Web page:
A working relationship may either be as an employee or a self-employed freelancer. The basic difference between these two positions lies in the presence or not of authority between the parties to the contract.
The Labour Relations Act sets the goal of establishing a framework that qualifies a working relationship by establishing general criteria applicable to every working relationship, and specific criteria applicable to one or more sectors, professions, categories of profession, or professional activities.
This law also had the goal of establishing an administrative commission on working relationships (the Commission) with the task of making decisions on the qualifications for working relationships (a type of “social ruling”). The royal decrees needed to establish the Commission in practice had in any case never been issued.
Within the context of the fight against social fraud, the Di Rupo government changed the law on labour relationships, in particular regarding the Commission. It was expected that the implementing regulations for the Commission would finally be adopted at the same time. This has now been done, since two royal decrees of 11 February 2013 concerning the functioning, composition, and nomination of the members of the Commission were published in the Belgian Gazette on 21 February 2013.
The Commission is established within the Belgian Public Services (SPF) for social security. Each chamber of the Commission is presided over by a professional magistrate designated by the Minister of justice and is composed of:
at least two members appointed upon the proposal of the minister of small and medium-sized enterprises, from the staff of the general directorate of the self-employed of the SPF social security or from the staff of the National Institute for the Social Security of the Self-employed (INASTI);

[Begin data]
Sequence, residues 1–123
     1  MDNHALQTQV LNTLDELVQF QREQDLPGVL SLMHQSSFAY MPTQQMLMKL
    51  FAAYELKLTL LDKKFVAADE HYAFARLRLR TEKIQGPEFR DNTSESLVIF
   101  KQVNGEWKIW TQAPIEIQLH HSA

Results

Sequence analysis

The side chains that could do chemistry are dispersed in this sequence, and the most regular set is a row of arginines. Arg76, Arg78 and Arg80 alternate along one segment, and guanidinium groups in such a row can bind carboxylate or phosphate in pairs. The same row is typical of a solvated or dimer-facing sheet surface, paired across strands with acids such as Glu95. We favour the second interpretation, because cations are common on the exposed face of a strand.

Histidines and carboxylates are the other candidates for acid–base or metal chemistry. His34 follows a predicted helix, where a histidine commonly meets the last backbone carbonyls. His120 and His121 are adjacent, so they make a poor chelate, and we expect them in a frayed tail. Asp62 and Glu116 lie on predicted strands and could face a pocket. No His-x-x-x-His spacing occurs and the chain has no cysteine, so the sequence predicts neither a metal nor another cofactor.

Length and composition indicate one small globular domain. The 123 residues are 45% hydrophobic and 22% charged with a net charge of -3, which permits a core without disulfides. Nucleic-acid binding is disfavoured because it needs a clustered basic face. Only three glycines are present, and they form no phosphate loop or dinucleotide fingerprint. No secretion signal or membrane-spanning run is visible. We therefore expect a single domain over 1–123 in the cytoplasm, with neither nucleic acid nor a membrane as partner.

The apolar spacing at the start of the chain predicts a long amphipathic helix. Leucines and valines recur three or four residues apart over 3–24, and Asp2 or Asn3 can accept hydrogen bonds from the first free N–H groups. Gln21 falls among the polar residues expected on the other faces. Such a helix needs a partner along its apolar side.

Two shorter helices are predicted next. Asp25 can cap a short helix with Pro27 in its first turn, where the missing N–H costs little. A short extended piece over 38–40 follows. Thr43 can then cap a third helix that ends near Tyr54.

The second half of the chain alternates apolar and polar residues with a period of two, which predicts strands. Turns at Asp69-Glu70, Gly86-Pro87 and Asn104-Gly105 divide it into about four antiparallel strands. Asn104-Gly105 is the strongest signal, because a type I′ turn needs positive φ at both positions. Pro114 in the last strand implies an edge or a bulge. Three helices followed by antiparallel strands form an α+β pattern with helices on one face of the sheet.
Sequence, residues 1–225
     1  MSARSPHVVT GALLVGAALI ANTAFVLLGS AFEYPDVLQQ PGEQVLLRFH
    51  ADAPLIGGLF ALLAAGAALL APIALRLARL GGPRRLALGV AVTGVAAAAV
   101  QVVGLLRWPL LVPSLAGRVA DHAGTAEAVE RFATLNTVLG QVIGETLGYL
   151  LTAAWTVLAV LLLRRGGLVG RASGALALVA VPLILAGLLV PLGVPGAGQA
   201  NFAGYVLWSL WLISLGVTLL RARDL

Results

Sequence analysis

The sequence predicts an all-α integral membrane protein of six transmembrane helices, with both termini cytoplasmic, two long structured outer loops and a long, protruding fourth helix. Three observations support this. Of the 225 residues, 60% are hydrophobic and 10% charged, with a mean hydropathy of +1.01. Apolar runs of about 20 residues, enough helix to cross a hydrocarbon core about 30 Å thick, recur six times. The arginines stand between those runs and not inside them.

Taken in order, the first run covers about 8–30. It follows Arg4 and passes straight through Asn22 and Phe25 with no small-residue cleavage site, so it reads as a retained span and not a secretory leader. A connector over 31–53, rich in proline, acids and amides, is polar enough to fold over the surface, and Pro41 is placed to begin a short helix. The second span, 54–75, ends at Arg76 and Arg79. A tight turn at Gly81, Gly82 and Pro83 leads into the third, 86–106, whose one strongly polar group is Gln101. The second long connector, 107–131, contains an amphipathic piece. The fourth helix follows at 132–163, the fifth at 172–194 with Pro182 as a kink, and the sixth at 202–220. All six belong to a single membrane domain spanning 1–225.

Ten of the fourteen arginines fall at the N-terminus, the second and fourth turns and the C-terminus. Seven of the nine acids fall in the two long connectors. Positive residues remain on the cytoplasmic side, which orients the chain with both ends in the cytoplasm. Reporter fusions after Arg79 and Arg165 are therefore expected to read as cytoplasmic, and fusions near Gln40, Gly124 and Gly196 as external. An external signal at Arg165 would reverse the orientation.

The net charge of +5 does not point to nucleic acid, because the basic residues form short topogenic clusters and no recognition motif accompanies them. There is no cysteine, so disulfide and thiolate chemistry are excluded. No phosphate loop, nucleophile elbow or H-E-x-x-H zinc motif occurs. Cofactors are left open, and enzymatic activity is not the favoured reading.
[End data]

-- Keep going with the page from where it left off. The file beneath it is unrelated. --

at least two members appointed upon the proposal of the ministers of Social Affairs and Employment, from SPF Social Security, SPF Employment, or the National Office of Social Security (ONSS).
Practical results: the social ruling
Now it should be possible to petition the Commission in order to get a decision on the qualification for an employment relationship. Consequently, it could be useful to examine the opportunity to petition the Commission to rule on the nature of a (future) employment relationship.
The Commission may be petitioned according to the following conditions:
Who petitions the Commission?
Joint request of the parties to the working relationship
When: In all cases, from 1st January 2013 to 31 December 2013 Or: During the year in which a legislative amendment comes into force (e.g. during the year the administrative regulation setting new specific criteria comes into force).
A social insurance fund
When: When the worker makes a request to the social insurance fund during the time of his membership or during the year the working relationship begins.
One party or all the parties
When: Either before the beginning of the working relationship in the working relationship or during a period of one year after the beginning of the working relationship.
Hearings and decisions
The Commission’s hearings are not public. The chambers shall rule on the basis of documents after having heard, depending on the case, the party or parties in the working relationship. The parties may be represented by a lawyer or any other person of their choice possessing a written authorisation.
Decisions shall be issued within three months of submission of the petition; the deadline may be extended when supplementary documents are requested.
The Commission’s decisions are binding on the institutions represented within the Commission and also the social insurance fund. If the working conditions are modified, the party that received a decision by the Commission may get a new decision. The decisions of the Commission may be subject to appeal before the labour tribunal.
Finally, the Labour Relations Act seeks to alleviate the consequences of a re-qualification when this results from a decision by the Commission (e.g. the rectification applies only to social security contributions themselves, excluding extra pay and interest usually owed).
Coming into force
The implementing royal decrees entered into force on 3 March 2013. Thus, the Commission should be operational very soon and its first decisions are expected this year.